The Pentagon released its proposed list for the 2005 Base Realignment and Closure Commission on May 13, 2005 (a date given the moniker "BRAC Friday," a pun on Black Friday). After an extensive series of public hearings, analysis of DoD-supplied supporting data, and solicitation of comments from the public, the list of recommendations was revised by the 9-member Defense Base Closure and Realignments Commission in two days of public markups and votes on individual recommendations (the proceedings were broadcast by C-SPAN and are available for review on the network's website). The Commission submitted its revised list to the President on September 8, 2005. The President approved the list and notified Congress on September 15. The House of Representatives took up a joint resolution to disapprove the recommendations on October 26, but the resolution failed to pass. The recommendations were thereby enacted. The Secretary of Defense must implement the recommendations no later than September 15, 2011.

Twenty-six bases were realigned into 12 joint bases, with each joint base's installation support being led by the Army, the Air Force, or the Navy.[20] An example is Joint Base Lewis–McChord, Washington, combining Fort Lewis and McChord Air Force Base.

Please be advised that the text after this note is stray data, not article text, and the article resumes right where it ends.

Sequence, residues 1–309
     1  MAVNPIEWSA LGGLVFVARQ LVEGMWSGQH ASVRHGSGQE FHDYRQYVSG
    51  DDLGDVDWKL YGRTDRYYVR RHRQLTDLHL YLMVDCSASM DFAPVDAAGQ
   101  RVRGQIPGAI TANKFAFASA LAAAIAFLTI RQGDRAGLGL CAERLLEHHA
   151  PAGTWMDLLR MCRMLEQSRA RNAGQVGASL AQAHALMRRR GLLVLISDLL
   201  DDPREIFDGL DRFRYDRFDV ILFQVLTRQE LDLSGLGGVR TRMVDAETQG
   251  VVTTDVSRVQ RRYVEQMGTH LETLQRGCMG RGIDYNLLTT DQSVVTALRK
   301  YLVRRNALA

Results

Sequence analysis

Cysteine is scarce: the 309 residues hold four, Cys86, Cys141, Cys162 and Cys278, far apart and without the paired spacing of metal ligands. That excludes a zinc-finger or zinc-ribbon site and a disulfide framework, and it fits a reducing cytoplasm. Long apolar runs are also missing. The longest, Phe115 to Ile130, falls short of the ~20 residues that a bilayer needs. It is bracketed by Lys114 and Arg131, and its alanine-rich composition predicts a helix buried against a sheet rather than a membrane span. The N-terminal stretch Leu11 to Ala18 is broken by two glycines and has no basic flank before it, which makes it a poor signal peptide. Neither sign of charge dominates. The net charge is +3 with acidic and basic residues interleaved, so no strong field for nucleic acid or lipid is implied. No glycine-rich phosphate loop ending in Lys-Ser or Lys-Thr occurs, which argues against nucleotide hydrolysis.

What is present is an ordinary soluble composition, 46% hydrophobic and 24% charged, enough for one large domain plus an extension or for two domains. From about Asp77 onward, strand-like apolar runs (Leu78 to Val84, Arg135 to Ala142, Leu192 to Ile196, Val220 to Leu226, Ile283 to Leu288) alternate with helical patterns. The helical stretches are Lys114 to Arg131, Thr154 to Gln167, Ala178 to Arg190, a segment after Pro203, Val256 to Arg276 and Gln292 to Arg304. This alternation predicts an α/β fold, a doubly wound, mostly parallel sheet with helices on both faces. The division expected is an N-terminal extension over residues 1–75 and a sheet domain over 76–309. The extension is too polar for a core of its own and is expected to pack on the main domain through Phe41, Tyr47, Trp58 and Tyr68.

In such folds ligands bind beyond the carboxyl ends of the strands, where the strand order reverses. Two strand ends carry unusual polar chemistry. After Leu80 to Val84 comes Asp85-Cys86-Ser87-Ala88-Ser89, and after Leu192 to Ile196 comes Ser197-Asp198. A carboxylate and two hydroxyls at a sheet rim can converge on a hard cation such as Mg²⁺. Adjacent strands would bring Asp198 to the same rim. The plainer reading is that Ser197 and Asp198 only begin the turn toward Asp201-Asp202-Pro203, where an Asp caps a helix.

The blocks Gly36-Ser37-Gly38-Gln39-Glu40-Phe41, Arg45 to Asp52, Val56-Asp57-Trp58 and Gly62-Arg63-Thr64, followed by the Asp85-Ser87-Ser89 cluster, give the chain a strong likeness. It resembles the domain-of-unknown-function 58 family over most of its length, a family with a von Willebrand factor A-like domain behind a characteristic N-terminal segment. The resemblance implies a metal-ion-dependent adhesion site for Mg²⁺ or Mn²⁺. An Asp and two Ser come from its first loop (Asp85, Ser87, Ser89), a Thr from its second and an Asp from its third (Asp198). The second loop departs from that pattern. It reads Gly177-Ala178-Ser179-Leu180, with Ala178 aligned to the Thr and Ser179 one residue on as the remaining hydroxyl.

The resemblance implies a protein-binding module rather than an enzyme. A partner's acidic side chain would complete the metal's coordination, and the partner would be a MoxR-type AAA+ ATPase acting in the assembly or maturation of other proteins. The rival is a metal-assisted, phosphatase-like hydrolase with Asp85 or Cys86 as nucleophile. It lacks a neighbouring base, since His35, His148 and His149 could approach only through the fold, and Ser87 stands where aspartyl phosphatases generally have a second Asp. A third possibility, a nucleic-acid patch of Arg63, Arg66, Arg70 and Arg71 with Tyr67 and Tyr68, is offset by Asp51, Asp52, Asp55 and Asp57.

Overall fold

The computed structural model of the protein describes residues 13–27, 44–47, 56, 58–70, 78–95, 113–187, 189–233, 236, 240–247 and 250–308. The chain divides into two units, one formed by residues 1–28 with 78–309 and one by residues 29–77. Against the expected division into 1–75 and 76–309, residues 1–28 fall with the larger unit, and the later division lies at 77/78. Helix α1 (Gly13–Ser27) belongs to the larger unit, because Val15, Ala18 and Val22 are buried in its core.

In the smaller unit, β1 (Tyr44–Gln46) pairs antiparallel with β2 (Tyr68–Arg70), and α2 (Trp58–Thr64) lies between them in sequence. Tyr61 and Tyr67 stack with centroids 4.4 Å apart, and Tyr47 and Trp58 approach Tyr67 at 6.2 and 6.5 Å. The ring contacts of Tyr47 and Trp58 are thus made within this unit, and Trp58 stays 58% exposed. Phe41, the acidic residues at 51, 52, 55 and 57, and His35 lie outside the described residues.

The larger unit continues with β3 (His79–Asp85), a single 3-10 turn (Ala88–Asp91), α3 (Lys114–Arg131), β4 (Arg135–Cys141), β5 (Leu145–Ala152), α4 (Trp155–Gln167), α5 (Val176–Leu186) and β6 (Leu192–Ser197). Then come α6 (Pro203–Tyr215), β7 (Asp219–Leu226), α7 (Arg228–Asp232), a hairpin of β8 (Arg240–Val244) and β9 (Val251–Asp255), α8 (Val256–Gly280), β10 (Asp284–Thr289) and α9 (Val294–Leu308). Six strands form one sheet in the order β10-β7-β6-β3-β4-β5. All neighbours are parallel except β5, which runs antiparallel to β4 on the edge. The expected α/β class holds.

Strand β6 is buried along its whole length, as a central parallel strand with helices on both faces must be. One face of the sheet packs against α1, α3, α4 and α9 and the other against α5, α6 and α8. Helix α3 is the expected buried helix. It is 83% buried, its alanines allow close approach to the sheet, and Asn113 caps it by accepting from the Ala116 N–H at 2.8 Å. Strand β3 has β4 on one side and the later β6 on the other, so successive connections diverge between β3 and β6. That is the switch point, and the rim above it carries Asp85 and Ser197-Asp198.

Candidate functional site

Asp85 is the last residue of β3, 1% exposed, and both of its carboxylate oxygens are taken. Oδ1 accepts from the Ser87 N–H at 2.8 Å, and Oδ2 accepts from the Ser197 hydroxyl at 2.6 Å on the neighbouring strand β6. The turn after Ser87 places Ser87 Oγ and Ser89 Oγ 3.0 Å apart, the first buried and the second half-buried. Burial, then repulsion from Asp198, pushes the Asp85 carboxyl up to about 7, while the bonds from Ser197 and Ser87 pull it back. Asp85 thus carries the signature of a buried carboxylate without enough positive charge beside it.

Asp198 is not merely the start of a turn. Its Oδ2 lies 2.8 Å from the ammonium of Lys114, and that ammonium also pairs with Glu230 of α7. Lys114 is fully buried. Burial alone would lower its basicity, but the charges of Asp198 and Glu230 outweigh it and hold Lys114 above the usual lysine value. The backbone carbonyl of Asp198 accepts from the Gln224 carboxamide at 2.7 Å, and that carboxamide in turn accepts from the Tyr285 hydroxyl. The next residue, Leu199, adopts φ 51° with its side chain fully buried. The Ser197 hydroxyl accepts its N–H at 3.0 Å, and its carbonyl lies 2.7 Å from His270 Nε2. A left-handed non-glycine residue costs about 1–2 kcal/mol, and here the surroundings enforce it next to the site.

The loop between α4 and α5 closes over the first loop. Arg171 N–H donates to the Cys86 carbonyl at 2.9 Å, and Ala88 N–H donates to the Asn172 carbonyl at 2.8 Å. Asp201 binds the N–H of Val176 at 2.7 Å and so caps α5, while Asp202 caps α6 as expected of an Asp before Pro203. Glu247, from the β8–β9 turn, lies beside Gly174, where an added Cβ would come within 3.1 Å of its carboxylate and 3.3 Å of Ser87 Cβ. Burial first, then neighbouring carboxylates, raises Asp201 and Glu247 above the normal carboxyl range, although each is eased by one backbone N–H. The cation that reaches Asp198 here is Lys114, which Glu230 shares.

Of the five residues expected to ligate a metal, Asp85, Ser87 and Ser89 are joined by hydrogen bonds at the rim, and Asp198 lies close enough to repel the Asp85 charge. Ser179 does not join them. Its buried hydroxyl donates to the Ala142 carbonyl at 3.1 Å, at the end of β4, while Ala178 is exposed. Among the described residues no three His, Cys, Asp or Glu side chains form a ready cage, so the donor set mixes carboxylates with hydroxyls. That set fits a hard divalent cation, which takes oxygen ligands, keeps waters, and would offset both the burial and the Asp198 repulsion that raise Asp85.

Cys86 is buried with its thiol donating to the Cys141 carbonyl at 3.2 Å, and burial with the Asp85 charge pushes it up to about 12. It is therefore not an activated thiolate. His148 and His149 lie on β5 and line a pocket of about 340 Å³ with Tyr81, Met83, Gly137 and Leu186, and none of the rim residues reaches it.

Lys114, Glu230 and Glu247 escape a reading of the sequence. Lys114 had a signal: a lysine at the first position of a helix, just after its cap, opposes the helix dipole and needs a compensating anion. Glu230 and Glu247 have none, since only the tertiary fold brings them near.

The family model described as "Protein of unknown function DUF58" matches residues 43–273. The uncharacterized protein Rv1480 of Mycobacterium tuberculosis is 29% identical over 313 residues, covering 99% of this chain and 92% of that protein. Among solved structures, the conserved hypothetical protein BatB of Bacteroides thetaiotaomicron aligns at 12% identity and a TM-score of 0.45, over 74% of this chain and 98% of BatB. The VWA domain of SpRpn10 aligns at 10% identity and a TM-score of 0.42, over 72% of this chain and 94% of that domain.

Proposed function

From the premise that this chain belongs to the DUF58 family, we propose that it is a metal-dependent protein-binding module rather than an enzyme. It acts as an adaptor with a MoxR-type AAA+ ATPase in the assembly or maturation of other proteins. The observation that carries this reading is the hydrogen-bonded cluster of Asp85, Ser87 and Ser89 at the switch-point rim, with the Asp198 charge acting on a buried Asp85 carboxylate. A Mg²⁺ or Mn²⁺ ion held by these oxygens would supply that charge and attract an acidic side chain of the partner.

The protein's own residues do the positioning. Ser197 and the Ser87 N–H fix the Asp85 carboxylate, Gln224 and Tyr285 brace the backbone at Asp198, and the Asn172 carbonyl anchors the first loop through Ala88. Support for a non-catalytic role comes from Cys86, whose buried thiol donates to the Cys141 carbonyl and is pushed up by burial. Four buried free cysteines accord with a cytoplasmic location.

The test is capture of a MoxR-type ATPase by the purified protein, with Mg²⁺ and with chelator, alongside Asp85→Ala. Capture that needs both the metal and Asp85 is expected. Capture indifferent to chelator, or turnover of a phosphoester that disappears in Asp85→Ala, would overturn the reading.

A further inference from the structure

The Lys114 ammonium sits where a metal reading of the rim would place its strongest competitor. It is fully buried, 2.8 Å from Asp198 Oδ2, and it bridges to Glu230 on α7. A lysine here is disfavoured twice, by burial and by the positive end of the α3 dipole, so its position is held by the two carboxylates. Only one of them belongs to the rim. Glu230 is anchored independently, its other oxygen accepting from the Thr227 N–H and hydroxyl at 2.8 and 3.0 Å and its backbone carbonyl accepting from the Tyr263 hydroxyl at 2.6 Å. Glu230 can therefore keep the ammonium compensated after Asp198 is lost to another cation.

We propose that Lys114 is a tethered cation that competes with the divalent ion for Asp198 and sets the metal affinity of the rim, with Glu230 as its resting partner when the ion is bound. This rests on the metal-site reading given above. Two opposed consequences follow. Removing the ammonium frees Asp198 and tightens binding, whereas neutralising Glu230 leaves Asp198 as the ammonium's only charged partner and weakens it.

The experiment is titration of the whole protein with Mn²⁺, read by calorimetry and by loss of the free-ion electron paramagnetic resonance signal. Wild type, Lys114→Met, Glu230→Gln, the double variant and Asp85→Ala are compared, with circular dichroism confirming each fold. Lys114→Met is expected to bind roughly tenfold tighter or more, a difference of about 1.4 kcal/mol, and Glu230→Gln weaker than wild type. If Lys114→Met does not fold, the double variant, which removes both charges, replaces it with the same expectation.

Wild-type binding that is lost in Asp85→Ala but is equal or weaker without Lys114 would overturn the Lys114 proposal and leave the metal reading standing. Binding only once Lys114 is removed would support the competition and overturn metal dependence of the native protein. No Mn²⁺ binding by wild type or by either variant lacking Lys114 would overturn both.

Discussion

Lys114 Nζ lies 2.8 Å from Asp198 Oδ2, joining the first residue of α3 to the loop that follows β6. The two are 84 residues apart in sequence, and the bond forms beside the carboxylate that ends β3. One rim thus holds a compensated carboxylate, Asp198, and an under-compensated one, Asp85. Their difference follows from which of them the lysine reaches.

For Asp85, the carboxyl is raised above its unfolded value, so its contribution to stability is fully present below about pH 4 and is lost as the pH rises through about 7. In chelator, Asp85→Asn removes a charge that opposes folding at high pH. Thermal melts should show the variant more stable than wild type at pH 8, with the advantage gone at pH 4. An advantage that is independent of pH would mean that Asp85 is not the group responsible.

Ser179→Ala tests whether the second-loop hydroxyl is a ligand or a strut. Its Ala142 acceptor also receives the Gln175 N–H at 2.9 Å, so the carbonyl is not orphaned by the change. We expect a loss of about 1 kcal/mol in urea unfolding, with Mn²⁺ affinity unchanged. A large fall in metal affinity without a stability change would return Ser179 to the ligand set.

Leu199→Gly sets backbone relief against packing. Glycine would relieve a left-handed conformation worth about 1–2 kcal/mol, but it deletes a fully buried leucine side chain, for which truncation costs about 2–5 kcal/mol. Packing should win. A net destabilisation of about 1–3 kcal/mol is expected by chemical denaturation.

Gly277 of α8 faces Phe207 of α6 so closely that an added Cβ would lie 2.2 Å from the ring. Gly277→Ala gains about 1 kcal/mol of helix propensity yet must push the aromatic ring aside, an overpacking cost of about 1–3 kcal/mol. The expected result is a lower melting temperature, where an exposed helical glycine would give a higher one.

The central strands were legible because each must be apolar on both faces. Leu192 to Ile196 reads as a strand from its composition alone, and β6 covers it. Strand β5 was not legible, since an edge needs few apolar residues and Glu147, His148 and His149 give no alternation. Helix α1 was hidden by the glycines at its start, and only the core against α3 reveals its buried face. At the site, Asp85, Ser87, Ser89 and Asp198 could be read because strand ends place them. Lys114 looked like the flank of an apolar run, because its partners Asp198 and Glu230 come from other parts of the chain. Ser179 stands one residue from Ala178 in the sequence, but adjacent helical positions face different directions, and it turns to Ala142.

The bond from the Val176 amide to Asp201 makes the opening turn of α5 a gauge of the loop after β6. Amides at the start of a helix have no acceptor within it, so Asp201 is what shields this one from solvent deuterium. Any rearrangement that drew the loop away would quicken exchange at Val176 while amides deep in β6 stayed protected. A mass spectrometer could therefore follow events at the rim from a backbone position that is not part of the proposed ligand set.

The 2005 Commission recommended that Congress authorize another BRAC round in 2015 and every eight years thereafter.[21] On May 10, 2012, the House Armed Services Committee rejected calls by the Pentagon for base closures outside of a 2015 round by a 44 to 18 vote.[22] Defense Secretary Leon Panetta had called for two rounds of base closures while at the same time arguing that the alternative of the sequester would be a "meat-ax" approach to cuts which would "hollow out" military forces.[23]

The National Defense Authorization Act for Fiscal Year 2014 specifically prohibits authorization of future BRAC rounds.[24]

In May 2014, it was attempted to fund another round of BRAC, although funding was not approved in a vote in May of that year.[25]

In March 2015, the Acting Assistant Secretary of Defense for Energy, Installations, and Environment addressed the possibility of a future BRAC, indicating that the DOD, Defense Secretary Ash Carter was requesting authority to conduct another BRAC.[26]

In September 2015, at the tenth anniversary of the end of the most recent BRAC commission report, its former chairman Anthony Principi wrote, "Now is the time to do what's right for our men and women in uniform. Spending dollars on infrastructure that does not serve their needs is inexcusable."[27]


The following is a chronological timeline of authorizations for U.S. Congressional legislation related to U.S. defense installation realignments and military base closures.

Date of Enactment Public Law Number U.S. Statute Citation U.S. Legislative Bill U.S. Presidential
October 24, 1988 P.L. 100-526 102 Stat. 2623 S. 2749 Ronald W. Reagan